Wheeler, W.M., 1908
The type series was taken from several colonies found under stones by Wheeler (1908h) at Austin and New Braunfels, Texas. In addition Stefan Cover (unpublished notes) found several colonies and colony fragments nesting under stones at Pedernales Falls State Park, Blanco Co., Texas, in juniper and juniper-oak-mesquite woodland. Winged males were found by W. M. Wheeler on 27 May 1903. This species, if truly local, may be threatened by the advance of dense populations of the red imported fire ant (Solenopsis invicta) into the Texas hill country. Cover found it only in areas not yet occupied by fire ant colonies. (Wilson 2003)
- 1 Identification
- 2 Distribution
- 3 Biology
- 4 Castes
- 5 Nomenclature
- 6 References
- 7 References based on Global Ant Biodiversity Informatics
See the description in the nomenclature section.
Keys including this Species
Known only from the vicinity of Austin and New Braunfels, central Texas. (Wilson 2003)
Latitudinal Distribution Pattern
Latitudinal Range: 30.307978° to 23.71527°.
- Source: AntMaps
Distribution based on Regional Taxon Lists
Nearctic Region: United States (type locality).
Distribution based on AntMaps
Distribution based on AntWeb specimens
Check data from AntWeb
Number of countries occupied by this species based on AntWiki Regional Taxon Lists. In general, fewer countries occupied indicates a narrower range, while more countries indicates a more widespread species.
Relative abundance based on number of AntMaps records per species (this species within the purple bar). Fewer records (to the left) indicates a less abundant/encountered species while more records (to the right) indicates more abundant/encountered species.
Association with Other Organisms
- This species is a host for the phorid fly Microselia texana (a parasitoid) (Quevillon, 2018) (encounter mode primary; direct transmission; transmission outside nest).
The following information is derived from Barry Bolton's Online Catalogue of the Ants of the World.
- constipata. Pheidole constipata Wheeler, W.M. 1908e: 468 (s.w.q.m.) U.S.A. Subspecies of floridana: Smith, D.R. 1979: 1370. Revived status as species: Wilson, 2003: 402.
Unless otherwise noted the text for the remainder of this section is reported from the publication that includes the original description.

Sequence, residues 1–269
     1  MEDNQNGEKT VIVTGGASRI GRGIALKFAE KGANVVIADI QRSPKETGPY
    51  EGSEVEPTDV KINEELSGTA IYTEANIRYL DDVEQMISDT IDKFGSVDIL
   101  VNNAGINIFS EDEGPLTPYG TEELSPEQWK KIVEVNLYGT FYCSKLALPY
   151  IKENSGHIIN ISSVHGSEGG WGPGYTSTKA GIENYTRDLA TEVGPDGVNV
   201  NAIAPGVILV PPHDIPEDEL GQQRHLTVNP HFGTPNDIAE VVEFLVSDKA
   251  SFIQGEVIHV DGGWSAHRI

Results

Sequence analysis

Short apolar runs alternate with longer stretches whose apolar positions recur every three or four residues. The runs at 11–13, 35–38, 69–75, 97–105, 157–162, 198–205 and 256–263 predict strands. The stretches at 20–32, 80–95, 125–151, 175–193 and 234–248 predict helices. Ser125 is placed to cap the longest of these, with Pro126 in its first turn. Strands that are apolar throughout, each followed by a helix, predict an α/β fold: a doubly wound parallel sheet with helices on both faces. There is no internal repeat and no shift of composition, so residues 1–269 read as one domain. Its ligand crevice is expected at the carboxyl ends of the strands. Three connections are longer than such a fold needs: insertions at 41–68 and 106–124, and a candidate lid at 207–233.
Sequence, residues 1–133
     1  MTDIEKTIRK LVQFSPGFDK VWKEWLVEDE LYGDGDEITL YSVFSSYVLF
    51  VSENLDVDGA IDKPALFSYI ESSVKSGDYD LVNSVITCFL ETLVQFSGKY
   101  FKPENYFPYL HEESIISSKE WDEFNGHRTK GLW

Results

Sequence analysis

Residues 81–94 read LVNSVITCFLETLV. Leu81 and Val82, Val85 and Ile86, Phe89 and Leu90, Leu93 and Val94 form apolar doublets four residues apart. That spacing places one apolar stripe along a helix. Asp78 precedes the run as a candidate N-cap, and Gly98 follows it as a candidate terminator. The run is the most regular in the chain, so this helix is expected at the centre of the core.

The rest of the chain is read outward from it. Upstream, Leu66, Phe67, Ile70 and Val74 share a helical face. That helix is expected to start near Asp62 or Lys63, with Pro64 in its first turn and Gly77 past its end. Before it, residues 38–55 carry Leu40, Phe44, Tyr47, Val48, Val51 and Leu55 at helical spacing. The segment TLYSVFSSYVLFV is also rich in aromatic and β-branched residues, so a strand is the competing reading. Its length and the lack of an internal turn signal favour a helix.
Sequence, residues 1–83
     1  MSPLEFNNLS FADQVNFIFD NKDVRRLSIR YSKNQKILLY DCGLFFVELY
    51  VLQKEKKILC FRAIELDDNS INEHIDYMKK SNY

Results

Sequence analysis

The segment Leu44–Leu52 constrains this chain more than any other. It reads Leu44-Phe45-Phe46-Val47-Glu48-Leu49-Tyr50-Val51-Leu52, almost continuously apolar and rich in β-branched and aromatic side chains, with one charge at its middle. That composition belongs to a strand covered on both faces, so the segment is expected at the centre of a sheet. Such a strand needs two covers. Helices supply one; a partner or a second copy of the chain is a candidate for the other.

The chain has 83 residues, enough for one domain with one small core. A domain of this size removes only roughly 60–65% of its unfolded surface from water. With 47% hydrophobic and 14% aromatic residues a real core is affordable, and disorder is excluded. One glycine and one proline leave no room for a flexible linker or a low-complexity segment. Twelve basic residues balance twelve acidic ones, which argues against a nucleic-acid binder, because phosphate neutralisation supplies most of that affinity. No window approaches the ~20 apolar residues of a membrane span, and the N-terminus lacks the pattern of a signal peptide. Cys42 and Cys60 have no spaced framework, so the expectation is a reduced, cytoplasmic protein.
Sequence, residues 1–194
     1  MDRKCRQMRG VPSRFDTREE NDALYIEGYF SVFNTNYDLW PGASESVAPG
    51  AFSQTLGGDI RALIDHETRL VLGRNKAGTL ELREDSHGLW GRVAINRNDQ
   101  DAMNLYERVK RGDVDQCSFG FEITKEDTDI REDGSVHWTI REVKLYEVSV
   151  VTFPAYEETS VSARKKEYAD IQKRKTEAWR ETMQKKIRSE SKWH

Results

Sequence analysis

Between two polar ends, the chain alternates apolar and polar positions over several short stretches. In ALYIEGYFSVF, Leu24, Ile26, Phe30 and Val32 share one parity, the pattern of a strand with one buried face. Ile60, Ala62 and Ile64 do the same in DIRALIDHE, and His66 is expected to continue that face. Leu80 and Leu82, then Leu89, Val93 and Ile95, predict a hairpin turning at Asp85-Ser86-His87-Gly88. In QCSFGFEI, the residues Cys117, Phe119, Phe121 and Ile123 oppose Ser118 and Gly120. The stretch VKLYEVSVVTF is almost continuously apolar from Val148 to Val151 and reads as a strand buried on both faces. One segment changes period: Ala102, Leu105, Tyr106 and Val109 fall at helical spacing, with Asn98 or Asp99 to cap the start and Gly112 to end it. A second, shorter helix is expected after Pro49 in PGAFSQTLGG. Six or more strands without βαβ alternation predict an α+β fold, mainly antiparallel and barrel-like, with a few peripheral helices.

From Wilson (2003): An unusual member of the flavens group distinguished from other species of the genus as follows.
Major: yellow; mesosomal pilosity very sparse, consisting mostly of several clavate hairs; similar hairs present on occiput and waist; humerus raised slightly and subangulate; rugoreticula present between each eye and antennal fossa, and on the edges of the humeri; postpetiole from above elliptical.
Minor: mesosomal pilosity very sparse, consisting mostly of several clavate hairs; similar hairs present on occiput and waist; propodeal spines directed backward; postpetiole from above elliptical; head and mesosoma almost entirely foveolate.
MEASUREMENTS (mm) Lectotype major: HW 0.72, HL 0.80, SL 0.42, EL 0.12, PW 0.42. Paralectotype minor: HW 0.44, HL 0.48, SL 0.42, EL 0.10, PW 0.30.
COLOR Major: concolorous reddish yellow.
Minor: mesosoma, waist, and appendages dark yellow; head and gaster yellowish brown.
Figure. Upper: lectotype, major. Lower: paralectotype, minor. Scale bars = 1 mm.
TEXAS: Austin, col. W. Wheeler. Museum of Comparative Zoology and American Museum of Natural History - as reported in Wilson (2003)
L constipata, crowded or pressed together, allusion unknown, possibly to the compressed nature of the clavate hairs. (Wilson 2003)
- Wheeler, W. M. 1908h. The ants of Texas, New Mexico and Arizona. (Part I.). Bull. Am. Mus. Nat. Hist. 24: 399-485 (page 468, soldier, worker, queen, male described)
- Wilson, E. O. 2003. Pheidole in the New World: A dominant, hyperdiverse ant genus. Harvard University Press, Cambridge, MA. (page 402, fig. major, minor described)
References based on Global Ant Biodiversity Informatics
- Gregg R. E. 1959. Key to the species of Pheidole (Hymenoptera: Formicidae) in the United States. Journal of the New York Entomological Society 66: 7-48.
- McDonald D. L., D. R. Hoffpauir, and J. L. Cook. 2016. Survey yields seven new Texas county records and documents further spread of Red Imported Fire Ant, Solenopsis invicta Buren. Southwestern Entomologist, 41(4): 913-920.
- O'Keefe S. T., J. L. Cook, T. Dudek, D. F. Wunneburger, M. D. Guzman, R. N. Coulson, and S. B. Vinson. 2000. The Distribution of Texas Ants. The Southwestern Entomologist 22: 1-92.
- Wheeler W. M. 1908. The ants of Texas, New Mexico and Arizona. (Part I.). Bulletin of the American Museum of Natural History 24: 399-485.
- Wheeler, G.C. and J. Wheeler. 1985. A checklist of Texas ants. Prairie Naturalist 17:49-64.
- Wilson, E.O. 2003. Pheidole in the New World: A Dominant, Hyperdiverse Genus. Harvard University Press